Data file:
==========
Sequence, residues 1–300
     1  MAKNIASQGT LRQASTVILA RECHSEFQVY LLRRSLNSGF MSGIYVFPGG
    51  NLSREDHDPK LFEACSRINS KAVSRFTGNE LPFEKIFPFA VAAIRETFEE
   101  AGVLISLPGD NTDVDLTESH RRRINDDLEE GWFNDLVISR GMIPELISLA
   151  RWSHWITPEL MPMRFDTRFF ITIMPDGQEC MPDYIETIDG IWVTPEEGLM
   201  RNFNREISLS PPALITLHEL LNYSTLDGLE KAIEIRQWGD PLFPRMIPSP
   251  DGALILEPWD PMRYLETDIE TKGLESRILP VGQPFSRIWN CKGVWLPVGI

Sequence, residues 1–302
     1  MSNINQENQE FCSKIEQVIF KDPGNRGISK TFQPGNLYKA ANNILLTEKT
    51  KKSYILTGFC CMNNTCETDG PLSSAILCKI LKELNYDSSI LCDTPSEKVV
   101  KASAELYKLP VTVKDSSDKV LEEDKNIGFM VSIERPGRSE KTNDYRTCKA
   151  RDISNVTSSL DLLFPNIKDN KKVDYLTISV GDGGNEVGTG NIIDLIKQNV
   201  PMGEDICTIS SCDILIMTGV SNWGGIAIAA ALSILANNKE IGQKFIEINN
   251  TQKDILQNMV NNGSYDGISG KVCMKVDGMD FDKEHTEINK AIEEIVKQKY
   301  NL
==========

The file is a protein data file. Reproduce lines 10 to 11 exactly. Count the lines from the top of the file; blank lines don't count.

    51  KKSYILTGFC CMNNTCETDG PLSSAILCKI LKELNYDSSI LCDTPSEKVV
   101  KASAELYKLP VTVKDSSDKV LEEDKNIGFM VSIERPGRSE KTNDYRTCKA